The End of a Confederate Legacy: Vanderbilt's Memorial Hall

The End of a Confederate Legacy: Vanderbilt's Memorial Hall
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There's been a lot of public discussion over Vanderbilt University's $1.2 million dollar payment to the Tennessee United Daughters of the Confederacy (UDC) in order to legally remove the word "Confederate" from one of its residency halls, ranging from the Daughters' early educational agenda to a critique of those who are protesting the change.

Yet what is less known is the historical context for what motivated the Daughters to make their original $50,000 donation.

The UDC was founded upon five basic tenets -- memorial, educational, historical, benevolent, and social -- all of which were intended to insure the legacy of the Confederacy, pro-slavery warts and all. The group's donation to George Peabody College, which became part of Vanderbilt University in 1979, achieved three of these goals.


While it is true that the Daughters' educational goal -- to tell the "true" (i.e. pro-Confederate) history of the war -- was being met through textbooks in the region's white public schools, the dormitory at Peabody College -- a teachers' training school -- also accomplished this goal.

Certainly, naming the building "Confederate Memorial Hall" commemorated Dixie's veterans through brick and mortar. Yet the underlying goal of the donation was to provide the daughters of those veterans -- especially those who could not afford it -- with a place to live while they completed their education as teachers. Teachers, it must be added, whose instruction would likely include a pro-Confederate view of the Civil War.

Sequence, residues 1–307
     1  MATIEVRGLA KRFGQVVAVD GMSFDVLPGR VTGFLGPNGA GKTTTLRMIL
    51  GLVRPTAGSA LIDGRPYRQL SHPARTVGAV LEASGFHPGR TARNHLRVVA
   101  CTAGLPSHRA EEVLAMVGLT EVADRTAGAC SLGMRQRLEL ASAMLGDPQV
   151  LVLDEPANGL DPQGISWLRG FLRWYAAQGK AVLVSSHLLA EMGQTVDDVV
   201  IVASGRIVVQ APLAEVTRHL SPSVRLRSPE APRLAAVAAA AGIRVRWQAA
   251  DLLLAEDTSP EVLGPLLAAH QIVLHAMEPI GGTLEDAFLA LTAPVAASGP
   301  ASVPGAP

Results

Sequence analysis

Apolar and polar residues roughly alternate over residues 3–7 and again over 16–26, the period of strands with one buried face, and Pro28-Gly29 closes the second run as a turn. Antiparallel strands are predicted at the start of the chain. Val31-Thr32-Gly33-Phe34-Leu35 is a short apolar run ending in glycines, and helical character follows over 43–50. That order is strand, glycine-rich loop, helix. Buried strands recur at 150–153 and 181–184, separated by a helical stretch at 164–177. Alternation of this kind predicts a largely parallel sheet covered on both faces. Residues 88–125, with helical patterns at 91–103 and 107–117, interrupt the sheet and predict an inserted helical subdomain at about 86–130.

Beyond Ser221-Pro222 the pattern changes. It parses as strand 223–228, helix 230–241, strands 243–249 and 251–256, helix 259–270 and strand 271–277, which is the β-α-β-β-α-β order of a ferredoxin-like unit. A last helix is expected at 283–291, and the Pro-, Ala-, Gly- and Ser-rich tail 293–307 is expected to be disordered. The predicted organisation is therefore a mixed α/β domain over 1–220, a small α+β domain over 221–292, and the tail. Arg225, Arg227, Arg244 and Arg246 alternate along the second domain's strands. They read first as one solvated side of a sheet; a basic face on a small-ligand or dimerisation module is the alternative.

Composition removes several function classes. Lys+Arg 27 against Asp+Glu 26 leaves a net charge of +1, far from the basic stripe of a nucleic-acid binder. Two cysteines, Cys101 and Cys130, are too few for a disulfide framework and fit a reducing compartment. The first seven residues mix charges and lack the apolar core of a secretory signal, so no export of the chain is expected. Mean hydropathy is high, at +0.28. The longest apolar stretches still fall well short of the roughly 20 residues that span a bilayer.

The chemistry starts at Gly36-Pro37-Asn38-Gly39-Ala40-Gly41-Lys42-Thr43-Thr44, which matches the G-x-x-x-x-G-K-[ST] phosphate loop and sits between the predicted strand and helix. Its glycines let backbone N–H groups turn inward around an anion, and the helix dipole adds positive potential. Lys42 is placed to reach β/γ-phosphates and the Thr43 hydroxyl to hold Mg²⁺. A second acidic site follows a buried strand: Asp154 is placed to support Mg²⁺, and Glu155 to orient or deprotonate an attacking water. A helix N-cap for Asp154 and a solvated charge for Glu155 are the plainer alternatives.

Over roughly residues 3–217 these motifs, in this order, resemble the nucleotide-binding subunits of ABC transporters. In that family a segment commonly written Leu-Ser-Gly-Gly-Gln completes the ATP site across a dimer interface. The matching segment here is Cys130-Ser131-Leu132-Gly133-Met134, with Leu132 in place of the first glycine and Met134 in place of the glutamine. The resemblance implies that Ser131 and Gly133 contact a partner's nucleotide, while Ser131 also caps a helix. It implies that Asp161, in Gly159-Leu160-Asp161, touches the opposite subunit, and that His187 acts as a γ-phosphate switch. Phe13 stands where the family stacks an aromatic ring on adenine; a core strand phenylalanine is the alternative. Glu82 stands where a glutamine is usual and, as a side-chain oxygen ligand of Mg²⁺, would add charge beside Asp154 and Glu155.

So, in effect, providing these young women a residence hall also served the UDC's goals of being a benevolent organization as well as an educational one. More importantly, with this gift, the Daughters made a strategic move to extend the legacy of the Confederate generation in perpetuity.

This was the ultimate goal. In fact, the Daughters, founded in Tennessee in 1894, included a statement in their constitution that they would work to extend the Confederate legacy "unto the third and fourth generation," which eventually came to mean all future generations.

The successful effort by Vanderbilt University to remove the word "Confederate," therefore, represents more than erasing the historical name of the residence hall or giving a middle finger to Confederate heritage organizations, although it may be interpreted as such.

The more significant outcome is that it marks the end of a Confederate legacy--and not just one that commemorates white southern heroes. It brings to an end the history of a heritage that justified the institution of slavery, helped maintain the system of Jim Crow, and was used to deny African-Americans their civil rights.

$1.2 million is a small price to pay.

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